Just a few memories, a nice new portfolio or some wow photos to put on Instagram or win your next photo competition?
I’ love you to come away from one of my courses with a small body of work that really captures all the places you’ve been , documents your experiences and the people you’ve encountered on your photo trip. We’ll be going out daily to different of the beaten track locations , finding interesting people and immersing ourselves in their way of life so we can capture their faces as they go about their daily lives. I’ll be challenging you to break down barriers and have the confidence to approach strangers and go into new locations and feel comfortable doing this so your subjects relax and let you take the photographs you want. I’ll be with you every step of the way to help you in any way I can to achieve your goals and get the travel pictures of interesting people that you want to take.
Layering is creating interest in your street photography and travel photos by placing people on different planes whilst telling a story across the whole image
Layering is probably the single most effective way to bring interest into your images with multiple points of interest. Quite often images can be quite complex but tell a story within a single frame. Layering in itself doesn’t make a great photograph but it can enhance an image and when done well it’s a triumph. Layering within street photography can become quite difficult when no direction is given from the photographer and people within a scene are constantly moving causing the image to constantly change. More often I’ll see an opportunity of a layered image occurring whilst Im walking around and then I’ll stay in that location for some time waiting for all the elements to come together.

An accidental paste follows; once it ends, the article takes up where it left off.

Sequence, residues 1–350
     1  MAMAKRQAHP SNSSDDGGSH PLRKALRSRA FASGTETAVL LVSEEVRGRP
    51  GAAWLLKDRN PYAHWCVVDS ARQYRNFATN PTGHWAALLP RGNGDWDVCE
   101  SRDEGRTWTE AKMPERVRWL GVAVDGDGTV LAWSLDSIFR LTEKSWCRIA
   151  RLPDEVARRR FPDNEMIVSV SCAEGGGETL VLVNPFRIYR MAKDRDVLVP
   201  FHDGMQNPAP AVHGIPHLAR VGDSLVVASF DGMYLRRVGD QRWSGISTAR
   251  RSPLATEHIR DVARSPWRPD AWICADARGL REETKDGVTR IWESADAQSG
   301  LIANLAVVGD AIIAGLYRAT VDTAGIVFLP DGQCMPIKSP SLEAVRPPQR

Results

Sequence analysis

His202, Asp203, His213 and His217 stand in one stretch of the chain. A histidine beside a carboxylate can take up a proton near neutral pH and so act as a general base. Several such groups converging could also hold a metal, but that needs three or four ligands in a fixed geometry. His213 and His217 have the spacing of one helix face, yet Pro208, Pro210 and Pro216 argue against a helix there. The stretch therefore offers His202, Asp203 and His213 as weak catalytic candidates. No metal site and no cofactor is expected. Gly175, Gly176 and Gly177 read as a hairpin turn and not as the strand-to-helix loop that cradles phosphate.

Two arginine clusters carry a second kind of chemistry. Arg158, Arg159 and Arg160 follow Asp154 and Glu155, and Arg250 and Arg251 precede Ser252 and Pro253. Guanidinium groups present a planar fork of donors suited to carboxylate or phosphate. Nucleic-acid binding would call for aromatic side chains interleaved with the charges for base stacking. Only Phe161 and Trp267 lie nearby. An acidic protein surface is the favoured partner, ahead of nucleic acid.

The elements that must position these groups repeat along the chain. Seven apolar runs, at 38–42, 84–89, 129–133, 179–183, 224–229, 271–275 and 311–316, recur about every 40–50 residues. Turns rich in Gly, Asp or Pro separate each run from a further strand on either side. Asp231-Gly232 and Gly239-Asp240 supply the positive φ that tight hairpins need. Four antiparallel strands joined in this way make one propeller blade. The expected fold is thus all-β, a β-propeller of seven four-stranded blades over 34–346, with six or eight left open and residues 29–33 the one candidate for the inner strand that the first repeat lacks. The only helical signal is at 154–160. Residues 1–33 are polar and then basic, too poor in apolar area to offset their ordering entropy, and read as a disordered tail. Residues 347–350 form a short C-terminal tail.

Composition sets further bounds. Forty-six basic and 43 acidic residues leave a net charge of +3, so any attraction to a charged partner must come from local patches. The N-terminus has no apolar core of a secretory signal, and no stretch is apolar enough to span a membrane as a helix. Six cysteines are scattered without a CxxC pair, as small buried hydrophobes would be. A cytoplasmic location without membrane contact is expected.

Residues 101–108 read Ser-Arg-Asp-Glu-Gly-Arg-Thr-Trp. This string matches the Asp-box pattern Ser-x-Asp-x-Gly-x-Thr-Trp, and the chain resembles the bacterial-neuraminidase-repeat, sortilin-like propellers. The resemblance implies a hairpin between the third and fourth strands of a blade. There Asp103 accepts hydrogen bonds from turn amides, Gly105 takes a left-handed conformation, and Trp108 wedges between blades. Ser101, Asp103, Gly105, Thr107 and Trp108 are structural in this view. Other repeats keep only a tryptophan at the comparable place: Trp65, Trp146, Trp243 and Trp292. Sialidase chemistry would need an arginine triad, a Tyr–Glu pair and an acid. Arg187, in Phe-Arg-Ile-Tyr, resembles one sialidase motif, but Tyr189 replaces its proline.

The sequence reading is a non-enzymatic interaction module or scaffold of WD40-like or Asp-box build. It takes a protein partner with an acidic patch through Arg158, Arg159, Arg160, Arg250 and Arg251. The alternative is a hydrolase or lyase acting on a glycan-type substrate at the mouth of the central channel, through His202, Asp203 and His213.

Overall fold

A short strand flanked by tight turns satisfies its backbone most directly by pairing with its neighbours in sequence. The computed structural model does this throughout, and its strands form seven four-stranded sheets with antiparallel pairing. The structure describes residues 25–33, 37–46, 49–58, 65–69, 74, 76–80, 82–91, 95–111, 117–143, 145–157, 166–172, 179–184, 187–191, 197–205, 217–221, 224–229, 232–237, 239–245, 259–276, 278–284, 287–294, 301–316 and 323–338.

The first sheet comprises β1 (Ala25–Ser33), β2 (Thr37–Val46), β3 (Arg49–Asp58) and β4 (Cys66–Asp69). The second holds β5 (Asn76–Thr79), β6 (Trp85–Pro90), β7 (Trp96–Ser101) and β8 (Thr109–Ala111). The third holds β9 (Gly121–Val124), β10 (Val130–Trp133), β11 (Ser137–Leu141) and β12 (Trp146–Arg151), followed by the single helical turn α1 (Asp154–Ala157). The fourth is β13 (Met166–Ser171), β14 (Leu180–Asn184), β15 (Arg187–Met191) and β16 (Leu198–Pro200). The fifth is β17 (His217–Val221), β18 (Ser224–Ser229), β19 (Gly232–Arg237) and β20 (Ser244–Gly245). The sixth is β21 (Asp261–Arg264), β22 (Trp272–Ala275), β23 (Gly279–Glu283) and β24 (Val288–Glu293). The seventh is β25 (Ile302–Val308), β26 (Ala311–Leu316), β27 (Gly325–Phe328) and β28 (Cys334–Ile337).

Elements that you looking or are
People on different planes
Heads in spaces
You can quite clearly identify the subject
Good interaction between subjects
No bright highlights
Subjects in harmony with each other
Good use of light
A great moment ( a decisive moment )
Elements you don’t want in a layered image
Heads crossing over each other
No backs of heads especially as a main subject
No interaction or people or people not engaging with each other
Elements fighting with each other within a frame
Try not to cut off feet or hands
Lots of layers with no interest
Here are a few photographs that are both great layered images and tell a story with a short explanation of why I believe the image works
Kolkata The Temple
Taken on a 28mm lens I was attracted to the scene with all its colour and Id spotted it a a naturally three layered image.
I stayed with the scene about 10 mins and took a few images but this was the best of the bunch for a couple of reasons
1 The main subject is beautifully lit and the newspaper is acting as a natural reflector helping to lighten the shadows on his face.
2 All the subjects are in their own spaces again beautifully lit and you can see all of their faces with no backs of heads.,
KOLKATA ..The Vegetable Market